The Monetary Policy Committee of the RBI raised the policy rate by 25 basis points on Wednesday and the repo rate currently stands at 6.50 per cent. This increase in repo rate will increase the cost of funds, and therefore lead to a rise in the MCLR (marginal cost of funds based lending rate), which banks adhere to while setting interest rates on loans.
For the common man, a repo rate hike means bank deposits will earn a marginally higher interest while the interest rate on loans will also rise. Let’s take a deeper look at the impact on loans and FDs, and what the repo rate hike means for the borrowers and investors.
How the RBI rate hike impacts FDs
With the increase in policy rates, the interest offered on FDs (fixed deposits) is likely to increase. In fact, State Bank of India had already upped its deposit rates by 5 to 10 bps a day before the RBI’s announcement. This increase is marginal and doesn’t call for any dramatic shift in your fund allocation.
You require FDs to maintain liquidity for your near-term money needs. However, it would be unwise to lock a lot of money into FDs, even with the rising interest rates. Interest rates rise in response to the rising inflation rate, therefore a marginal increase in the deposit rate may be inadequate from a returns point of view, since the value of money has also decreased.
For example, if your FD rate is 6.5 per cent while the inflation rate is 5 per cent, the true value of your returns is just 1.5 per cent, which is further diminished by the tax you may have to pay on your interest earnings. In this scenario, liquid or short-term mutual funds may be a better bet for conservative investors looking for capital safety, and moderate returns.
While the returns from these funds may be comparable to FDs, mutual funds are much more tax-efficient than FDs because you’re taxed only when you redeem your investment. If your debt mutual fund investment is held for a period of three years or longer, you pay Long Term Capital Gains at 20.6 per cent with indexation benefits, which substantially reduces your tax burden if you are in the top tax slab.
Impact of rate hike on home loans
The hike in repo rate will have an impact on home loan EMIs. Considering banks’ MCLR will go up, the interest on loans will also go up.
As per the RBI mandate, all bank loans disbursed post April 1, 2016 are MCLR-linked and the lending rate cannot be below the MCLR rate. Over the last two monetary policy committee meetings, the repo rate has gone up by a total of 50 bps and here is how it could impact your loan EMI:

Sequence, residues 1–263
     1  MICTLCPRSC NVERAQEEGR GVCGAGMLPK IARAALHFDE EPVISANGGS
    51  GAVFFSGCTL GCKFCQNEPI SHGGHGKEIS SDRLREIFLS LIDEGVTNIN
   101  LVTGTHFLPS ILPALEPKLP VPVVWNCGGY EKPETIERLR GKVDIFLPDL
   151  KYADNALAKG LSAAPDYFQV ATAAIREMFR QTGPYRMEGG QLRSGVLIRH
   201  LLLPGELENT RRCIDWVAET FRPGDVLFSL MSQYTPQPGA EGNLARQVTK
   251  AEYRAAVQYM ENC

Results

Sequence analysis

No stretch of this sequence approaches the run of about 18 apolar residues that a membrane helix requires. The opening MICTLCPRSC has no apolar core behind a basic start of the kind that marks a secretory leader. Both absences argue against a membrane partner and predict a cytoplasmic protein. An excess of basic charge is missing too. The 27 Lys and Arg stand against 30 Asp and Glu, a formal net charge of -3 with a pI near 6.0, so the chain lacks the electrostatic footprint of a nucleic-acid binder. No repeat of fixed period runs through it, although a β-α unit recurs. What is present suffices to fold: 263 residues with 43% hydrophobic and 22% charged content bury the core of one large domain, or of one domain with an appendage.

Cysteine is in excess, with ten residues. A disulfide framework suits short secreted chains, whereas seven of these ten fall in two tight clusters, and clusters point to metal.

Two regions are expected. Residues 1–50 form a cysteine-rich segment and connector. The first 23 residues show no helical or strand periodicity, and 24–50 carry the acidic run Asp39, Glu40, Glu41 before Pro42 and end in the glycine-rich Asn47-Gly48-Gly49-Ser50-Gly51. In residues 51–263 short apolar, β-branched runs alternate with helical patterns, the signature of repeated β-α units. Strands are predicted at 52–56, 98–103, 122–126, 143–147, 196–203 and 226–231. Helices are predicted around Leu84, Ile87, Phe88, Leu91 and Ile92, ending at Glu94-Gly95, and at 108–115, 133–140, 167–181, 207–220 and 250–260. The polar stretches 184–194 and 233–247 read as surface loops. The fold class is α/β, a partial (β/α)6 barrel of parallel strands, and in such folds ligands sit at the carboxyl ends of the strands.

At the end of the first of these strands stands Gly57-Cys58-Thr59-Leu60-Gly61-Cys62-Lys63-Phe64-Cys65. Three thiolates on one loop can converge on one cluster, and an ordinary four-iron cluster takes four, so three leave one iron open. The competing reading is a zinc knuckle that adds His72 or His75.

Say, you had started off with a loan of Rs. 30 lakh in January 2017 at 8.5 per cent stretched over 20 years. Your EMI is Rs. 26,034 and the total interest payable in 20 years is Rs. 32,48,327.
Now if the interest rate rises to 9 per cent, your new EMI will be Rs. 26,939, which is almost Rs 1,000 more every month and your total interest payable will be Rs. 34,48,383. This interest payment is Rs. 2 lakh higher than the original plan.
What should a borrower do
Firstly, if you are still contemplating taking a home loan, you shouldn’t wait any longer as banks are soon going to start increasing the interest rates. Your future EMIs will be calculated based on the MCLR effective on that date for the bank. If you are an existing borrower, your EMI burden is likely to increase once the new MCLR rate comes into effect. For loans taken from NBFCs, and Housing Finance Corporates interest rates will rise similarly.
Irrespective of whether you are a new or existing borrower, consider pre-paying a part of your loan repayment amount. Use any surplus money you have in hand to do so. It could be your annual bonus, salary increment or a cash gift. Pre-payment of your loan will reduce your interest outgo.
How does pre-payment of loans help?
So, if you look at the example mentioned earlier, your outstanding loan balance after consistent payment of EMI for the last 19 months is Rs 29,03,055. If you make a pre-payment of Rs 1 lakh at this juncture, your pending interest payable will reduce to Rs. 26,65,402. This will save you an interest outgo of Rs. 3,85,266 in the long run.
Your loan tenure will reduce to 203 months from 221 months. These are substantial long-term savings. The pre-payment will also cushion you against the impact of future rate hikes.
However, if you are nearing the closure of the loan and do not want to reduce the loan tenure in order to continue availing tax benefits, you can reduce the quantum of EMI and stretch it over a longer period. You can also consider the option of moving your home loan from one to bank to another after comparing the rates.
However, you might want to weigh the cost of making a transfer and the processing cost against what you will benefit from it.